"Before nerve-sparing prostatectomy [surgical removal of the prostate], 100 percent of men would have erectile dysfunction afterward," Gilbert said. "That has come down quite a bit. But you are dealing with a population of men who are generally not 30 or 40 years old. They're older and may already have an underlying problem with erectile dysfunction."
Most men have some level of erection difficulties after prostate cancer surgery, experts said.
In addition to dealing with that, "the counseling program focused on the woman's right to pleasure in sex and on fixing problems like postmenopausal vaginal dryness or loss of desire related to poor sexual communication," Schover said.
"We educated both partners about available treatments to restore erections and had them complete a 'decision aid' to figure out what treatment to try, based on mutual opinions," she said. "If that treatment did not work well for them, we encouraged them to try another choice."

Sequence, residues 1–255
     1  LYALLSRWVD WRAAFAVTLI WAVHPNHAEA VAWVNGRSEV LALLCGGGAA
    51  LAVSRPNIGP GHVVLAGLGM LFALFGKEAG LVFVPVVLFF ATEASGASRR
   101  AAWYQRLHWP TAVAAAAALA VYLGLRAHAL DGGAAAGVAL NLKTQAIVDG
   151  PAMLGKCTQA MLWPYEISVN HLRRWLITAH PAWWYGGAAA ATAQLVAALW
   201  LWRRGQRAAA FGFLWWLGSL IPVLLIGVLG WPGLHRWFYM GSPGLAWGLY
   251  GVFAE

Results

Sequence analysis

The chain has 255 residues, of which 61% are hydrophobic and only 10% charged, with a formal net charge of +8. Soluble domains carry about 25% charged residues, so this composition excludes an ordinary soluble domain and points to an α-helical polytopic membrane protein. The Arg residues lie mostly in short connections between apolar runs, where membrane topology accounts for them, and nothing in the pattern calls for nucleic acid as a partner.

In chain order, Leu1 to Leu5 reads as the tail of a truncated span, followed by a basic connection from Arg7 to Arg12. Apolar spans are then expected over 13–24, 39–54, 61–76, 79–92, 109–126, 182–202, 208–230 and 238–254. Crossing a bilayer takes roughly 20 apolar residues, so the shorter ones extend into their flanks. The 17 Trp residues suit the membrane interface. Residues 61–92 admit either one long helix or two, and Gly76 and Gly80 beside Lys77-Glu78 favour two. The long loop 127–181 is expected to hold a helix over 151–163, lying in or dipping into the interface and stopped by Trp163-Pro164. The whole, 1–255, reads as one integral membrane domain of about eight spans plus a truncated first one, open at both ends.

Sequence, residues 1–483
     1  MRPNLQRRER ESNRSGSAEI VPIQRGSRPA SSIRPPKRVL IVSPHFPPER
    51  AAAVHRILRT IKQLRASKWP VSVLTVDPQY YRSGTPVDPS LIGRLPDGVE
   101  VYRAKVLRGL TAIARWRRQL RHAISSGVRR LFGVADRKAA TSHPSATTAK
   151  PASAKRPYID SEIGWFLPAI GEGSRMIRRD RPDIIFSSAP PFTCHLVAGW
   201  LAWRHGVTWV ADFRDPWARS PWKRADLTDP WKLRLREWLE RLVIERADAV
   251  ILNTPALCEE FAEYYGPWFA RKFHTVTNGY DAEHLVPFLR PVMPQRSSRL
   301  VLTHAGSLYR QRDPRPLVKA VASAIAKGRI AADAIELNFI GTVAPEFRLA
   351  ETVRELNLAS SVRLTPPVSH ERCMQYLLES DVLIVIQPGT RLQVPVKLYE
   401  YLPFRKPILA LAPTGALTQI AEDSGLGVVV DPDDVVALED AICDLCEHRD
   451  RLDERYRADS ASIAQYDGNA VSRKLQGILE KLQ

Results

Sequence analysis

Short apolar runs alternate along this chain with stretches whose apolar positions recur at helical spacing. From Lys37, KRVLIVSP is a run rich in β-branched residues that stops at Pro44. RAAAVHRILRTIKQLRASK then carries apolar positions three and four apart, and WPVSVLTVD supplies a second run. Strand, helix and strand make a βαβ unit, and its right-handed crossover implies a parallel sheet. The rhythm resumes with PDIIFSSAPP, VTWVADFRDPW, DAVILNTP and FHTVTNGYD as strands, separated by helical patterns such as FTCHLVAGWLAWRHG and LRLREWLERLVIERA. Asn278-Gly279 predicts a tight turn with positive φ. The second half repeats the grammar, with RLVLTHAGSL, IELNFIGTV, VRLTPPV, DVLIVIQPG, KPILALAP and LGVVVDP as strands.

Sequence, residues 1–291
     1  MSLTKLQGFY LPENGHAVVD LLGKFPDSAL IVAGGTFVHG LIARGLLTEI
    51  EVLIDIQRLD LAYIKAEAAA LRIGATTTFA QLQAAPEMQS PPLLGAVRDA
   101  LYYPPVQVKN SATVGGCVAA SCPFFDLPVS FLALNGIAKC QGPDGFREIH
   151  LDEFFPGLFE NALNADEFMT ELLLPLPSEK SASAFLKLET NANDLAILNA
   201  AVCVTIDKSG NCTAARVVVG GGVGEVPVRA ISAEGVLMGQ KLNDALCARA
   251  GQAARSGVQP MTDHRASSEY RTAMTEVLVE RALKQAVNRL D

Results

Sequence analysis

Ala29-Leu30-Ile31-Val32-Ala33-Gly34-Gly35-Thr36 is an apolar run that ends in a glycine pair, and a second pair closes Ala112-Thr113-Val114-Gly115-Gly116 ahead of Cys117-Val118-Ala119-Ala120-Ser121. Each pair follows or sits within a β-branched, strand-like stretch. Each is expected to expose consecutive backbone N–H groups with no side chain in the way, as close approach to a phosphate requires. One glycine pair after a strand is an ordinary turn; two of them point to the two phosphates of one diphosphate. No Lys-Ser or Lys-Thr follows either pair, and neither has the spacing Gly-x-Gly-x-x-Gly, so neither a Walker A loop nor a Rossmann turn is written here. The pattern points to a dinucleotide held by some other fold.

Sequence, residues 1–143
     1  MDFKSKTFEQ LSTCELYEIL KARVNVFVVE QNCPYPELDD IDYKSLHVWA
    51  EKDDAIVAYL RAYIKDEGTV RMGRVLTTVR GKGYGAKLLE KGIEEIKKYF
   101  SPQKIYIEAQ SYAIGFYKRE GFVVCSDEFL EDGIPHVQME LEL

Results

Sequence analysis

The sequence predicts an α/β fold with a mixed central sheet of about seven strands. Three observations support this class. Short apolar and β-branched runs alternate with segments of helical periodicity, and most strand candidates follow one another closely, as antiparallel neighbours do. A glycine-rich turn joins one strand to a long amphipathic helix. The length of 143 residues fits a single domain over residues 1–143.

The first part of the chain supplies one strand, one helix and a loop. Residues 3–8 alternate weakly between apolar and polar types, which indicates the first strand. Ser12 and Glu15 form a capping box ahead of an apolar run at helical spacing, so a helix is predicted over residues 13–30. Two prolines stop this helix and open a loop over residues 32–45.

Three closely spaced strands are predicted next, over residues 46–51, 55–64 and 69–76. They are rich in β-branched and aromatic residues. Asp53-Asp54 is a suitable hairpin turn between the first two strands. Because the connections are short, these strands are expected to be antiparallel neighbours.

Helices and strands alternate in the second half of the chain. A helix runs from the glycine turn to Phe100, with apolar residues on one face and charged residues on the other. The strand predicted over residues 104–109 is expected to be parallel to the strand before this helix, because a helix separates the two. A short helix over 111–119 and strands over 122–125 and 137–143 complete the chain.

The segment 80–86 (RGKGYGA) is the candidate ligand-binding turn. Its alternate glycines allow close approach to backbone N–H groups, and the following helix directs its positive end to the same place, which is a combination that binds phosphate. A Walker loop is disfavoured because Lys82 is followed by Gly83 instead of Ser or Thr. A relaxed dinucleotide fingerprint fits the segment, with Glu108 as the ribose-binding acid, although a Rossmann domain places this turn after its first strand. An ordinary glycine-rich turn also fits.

After prostrate cancer, many men try pills for erectile dysfunction, experts said. But those may not be enough. Other options include penile injections, vacuum pumps and or penile implants, but Schover said she suspects many men throw in the towel when they don't get the results they want and don't pursue the other alternatives.
Men and women were given questionnaires that asked about a wide variety of measures of sexual function and sexual satisfaction, including their erectile function (for men), ability to achieve orgasm and their level of desire.
"Every subscale improved except desire, which we weren't surprised by because very few had low desire to begin with, so there wasn't that far to go on that," Schover said.
Men's ability to achieve "near-normal" erections also improved after counseling. Before counseling, about 12 percent to 15 percent of men reported few erection difficulties. That increased to between 36 percent and 44 percent for
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